MoH-UNICEF-WHO raises awareness of the importance of exclusive breastfeeding to prevent malnutrition

MoH-UNICEF-WHO raises awareness of the importance of exclusive breastfeeding to prevent malnutrition


 DILI, 15 september 2022 (TATOLI) – The Ministry of Health (MoH), together with UNICEF, and WHO promoted the importance of breastfeeding to ensure healthy development in children.

In a celebration of the World Breastfeeding Week held at the Ministry of Health, today, the government and development partners raised the awareness public and mothers on the importance of exclusive breastfeeding to fight malnutrition in the country.

Speaking at the celebration of the world week for maternal breastfeeding, Odete da Silva Viegas, Director General of Health Service Delivery of the Ministry of Health said that World Breastfeeding Week was a good opportunity to strengthen the work of maternal and child health intervention in the country.”

Viegas said early and exclusive breastfeeding needs to be supported by families: “Children are the nation’s future and tomorrow’s citizens. Therefore, maternal, infant, and child health remain our top priorities.”

“I would like to encourage our mothers to breastfeed their children right after their birth. Because breastfeeding will ensure the healthy development of children and prevent malnutrition,” said Viegas.

At the same place, the UNICEF’s Country Representative to Timor-Leste, Bilal Durrani said early breastfeeding is especially important because the first feeds contain colostrum, special milk often referred to as ‘liquid gold because of its immune properties: “This colostrum serves as the baby’s first ‘immunization,’ and is rich in vitamin A and helps to ensure that the baby’s intestines and body grow and develop properly.”

According to UNICEF, in Timor-Leste, 53% of Timorese mothers do not “initiate” breastfeeding their children when a child is born from the very first hour.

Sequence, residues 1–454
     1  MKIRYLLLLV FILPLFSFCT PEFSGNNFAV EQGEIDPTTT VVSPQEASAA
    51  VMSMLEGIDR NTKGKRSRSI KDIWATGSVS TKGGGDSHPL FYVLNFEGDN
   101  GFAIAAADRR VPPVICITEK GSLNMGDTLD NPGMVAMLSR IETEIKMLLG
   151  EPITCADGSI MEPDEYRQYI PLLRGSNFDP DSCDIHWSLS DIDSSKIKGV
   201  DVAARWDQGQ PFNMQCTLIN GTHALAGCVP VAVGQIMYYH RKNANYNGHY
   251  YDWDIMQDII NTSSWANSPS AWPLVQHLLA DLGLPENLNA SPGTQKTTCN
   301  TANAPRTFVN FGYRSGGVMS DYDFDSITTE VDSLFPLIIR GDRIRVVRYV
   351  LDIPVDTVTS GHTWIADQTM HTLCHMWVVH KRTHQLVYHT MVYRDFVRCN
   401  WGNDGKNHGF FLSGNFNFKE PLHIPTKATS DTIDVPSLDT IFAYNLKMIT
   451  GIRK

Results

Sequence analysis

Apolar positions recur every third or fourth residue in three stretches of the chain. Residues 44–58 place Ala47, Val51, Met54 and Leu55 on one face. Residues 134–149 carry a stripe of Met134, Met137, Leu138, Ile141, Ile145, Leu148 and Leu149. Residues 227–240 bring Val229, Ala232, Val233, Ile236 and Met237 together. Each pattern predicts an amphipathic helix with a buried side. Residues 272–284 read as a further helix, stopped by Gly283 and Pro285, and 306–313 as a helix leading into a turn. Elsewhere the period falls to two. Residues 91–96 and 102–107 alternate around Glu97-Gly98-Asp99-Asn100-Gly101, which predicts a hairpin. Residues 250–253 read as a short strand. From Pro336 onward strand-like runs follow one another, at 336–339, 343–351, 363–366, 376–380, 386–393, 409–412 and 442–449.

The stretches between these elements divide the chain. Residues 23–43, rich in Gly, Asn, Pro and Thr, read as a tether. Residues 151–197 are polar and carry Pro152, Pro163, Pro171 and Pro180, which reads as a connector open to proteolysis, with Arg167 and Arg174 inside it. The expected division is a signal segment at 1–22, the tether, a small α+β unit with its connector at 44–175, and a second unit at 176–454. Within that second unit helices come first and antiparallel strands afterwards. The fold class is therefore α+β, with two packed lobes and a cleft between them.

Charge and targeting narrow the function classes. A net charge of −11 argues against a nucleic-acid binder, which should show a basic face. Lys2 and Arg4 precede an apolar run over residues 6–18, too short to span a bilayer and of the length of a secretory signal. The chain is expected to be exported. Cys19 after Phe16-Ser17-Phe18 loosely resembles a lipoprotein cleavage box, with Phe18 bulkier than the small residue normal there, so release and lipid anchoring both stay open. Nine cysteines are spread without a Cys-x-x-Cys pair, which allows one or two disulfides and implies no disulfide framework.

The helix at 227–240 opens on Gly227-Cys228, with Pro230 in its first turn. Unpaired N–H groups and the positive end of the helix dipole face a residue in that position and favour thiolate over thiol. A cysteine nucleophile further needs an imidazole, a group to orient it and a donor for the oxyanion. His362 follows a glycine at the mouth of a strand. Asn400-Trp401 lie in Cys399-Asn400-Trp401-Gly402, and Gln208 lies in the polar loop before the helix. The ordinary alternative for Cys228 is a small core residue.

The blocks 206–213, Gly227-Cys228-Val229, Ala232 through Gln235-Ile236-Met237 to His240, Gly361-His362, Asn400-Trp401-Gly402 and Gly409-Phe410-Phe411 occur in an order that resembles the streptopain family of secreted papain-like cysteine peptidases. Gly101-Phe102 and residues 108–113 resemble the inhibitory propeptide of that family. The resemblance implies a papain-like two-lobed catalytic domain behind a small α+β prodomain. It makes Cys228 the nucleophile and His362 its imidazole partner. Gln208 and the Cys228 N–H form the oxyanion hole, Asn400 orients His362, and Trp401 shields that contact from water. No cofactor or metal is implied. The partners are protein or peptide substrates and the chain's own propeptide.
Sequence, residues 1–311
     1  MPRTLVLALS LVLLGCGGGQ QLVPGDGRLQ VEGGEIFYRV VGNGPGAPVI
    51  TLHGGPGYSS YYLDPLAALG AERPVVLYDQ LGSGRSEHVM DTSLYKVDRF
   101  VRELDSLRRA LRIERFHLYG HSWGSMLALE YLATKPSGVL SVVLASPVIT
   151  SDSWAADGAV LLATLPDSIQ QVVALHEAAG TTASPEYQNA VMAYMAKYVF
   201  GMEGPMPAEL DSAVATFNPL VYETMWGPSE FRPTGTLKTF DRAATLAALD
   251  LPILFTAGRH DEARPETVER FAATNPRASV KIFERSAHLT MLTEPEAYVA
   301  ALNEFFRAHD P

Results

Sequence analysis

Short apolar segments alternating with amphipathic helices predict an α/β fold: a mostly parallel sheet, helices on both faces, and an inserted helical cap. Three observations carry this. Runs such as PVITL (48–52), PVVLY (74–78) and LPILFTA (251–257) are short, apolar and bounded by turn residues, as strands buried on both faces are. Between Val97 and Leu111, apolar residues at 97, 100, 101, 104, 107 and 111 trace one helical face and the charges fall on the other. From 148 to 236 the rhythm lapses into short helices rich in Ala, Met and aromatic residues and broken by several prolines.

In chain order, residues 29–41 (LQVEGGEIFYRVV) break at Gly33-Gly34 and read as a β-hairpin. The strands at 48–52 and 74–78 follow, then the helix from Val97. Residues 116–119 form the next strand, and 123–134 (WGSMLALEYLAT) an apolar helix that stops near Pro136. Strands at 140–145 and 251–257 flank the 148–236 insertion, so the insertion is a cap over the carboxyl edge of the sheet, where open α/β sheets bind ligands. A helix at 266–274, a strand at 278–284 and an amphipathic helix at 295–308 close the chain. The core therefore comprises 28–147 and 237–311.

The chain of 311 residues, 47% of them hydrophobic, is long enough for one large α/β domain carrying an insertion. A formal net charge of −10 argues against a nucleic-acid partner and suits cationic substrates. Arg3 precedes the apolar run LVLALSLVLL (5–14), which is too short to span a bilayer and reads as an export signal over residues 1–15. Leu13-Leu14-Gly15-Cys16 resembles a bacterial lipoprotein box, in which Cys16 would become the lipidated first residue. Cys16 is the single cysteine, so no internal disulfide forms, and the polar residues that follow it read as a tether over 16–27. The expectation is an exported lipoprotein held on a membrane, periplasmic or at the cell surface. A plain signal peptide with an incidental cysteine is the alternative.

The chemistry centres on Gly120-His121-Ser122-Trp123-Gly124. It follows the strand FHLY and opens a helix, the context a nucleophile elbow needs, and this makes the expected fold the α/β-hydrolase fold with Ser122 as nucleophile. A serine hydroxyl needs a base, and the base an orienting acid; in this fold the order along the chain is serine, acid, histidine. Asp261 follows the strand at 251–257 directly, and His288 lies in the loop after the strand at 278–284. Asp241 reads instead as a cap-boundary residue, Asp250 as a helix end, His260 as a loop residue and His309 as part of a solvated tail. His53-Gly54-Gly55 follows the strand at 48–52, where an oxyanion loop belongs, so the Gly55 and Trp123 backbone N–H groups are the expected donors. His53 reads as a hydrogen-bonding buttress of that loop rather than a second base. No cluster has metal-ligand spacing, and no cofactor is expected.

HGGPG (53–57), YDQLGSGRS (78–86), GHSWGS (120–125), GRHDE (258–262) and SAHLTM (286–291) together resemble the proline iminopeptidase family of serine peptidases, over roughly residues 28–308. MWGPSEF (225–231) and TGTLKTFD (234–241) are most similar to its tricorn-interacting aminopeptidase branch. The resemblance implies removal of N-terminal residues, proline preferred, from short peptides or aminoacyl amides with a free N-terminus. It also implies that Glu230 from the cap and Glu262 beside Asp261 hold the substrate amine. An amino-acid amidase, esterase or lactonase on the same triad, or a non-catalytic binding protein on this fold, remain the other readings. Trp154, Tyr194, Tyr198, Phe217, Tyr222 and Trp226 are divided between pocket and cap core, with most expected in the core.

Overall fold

Meanwhile, 22% of the Timorese children are fed solid foods before they turn 6 months old when it is extremely dangerous to give any water or food to a child in the first six months.

About 94% of Timorese do not wash their hands after disposing of a child’s feces and do not wash their hands before breastfeeding/feeding children. This leads to deadly diseases such as diarrhea and intestinal worms.

“If we want our babies to thrive and survive, the only way is to initiate breastfeeding from the first hour, don’t feed any solids or liquids (including water) in the first six months, and provide healthy nutritious food when the child turns 6 and not just rice and porridge, and wash your hands before feeding and after cleaning your babies,” said Durrani.

The global theme of World Breastfeeding Week this year is “Step up for breastfeeding: Educate and support.”

WHO and UNICEF called on governments to allocate increased resources to protect, promote and support breastfeeding policies and programs, especially for the most vulnerable families living in emergency settings.

“The government also has the responsibility to reach hamlets and villages through the mother support groups and PSF to create awareness about avoiding practices which could be harmful to their children,” he said.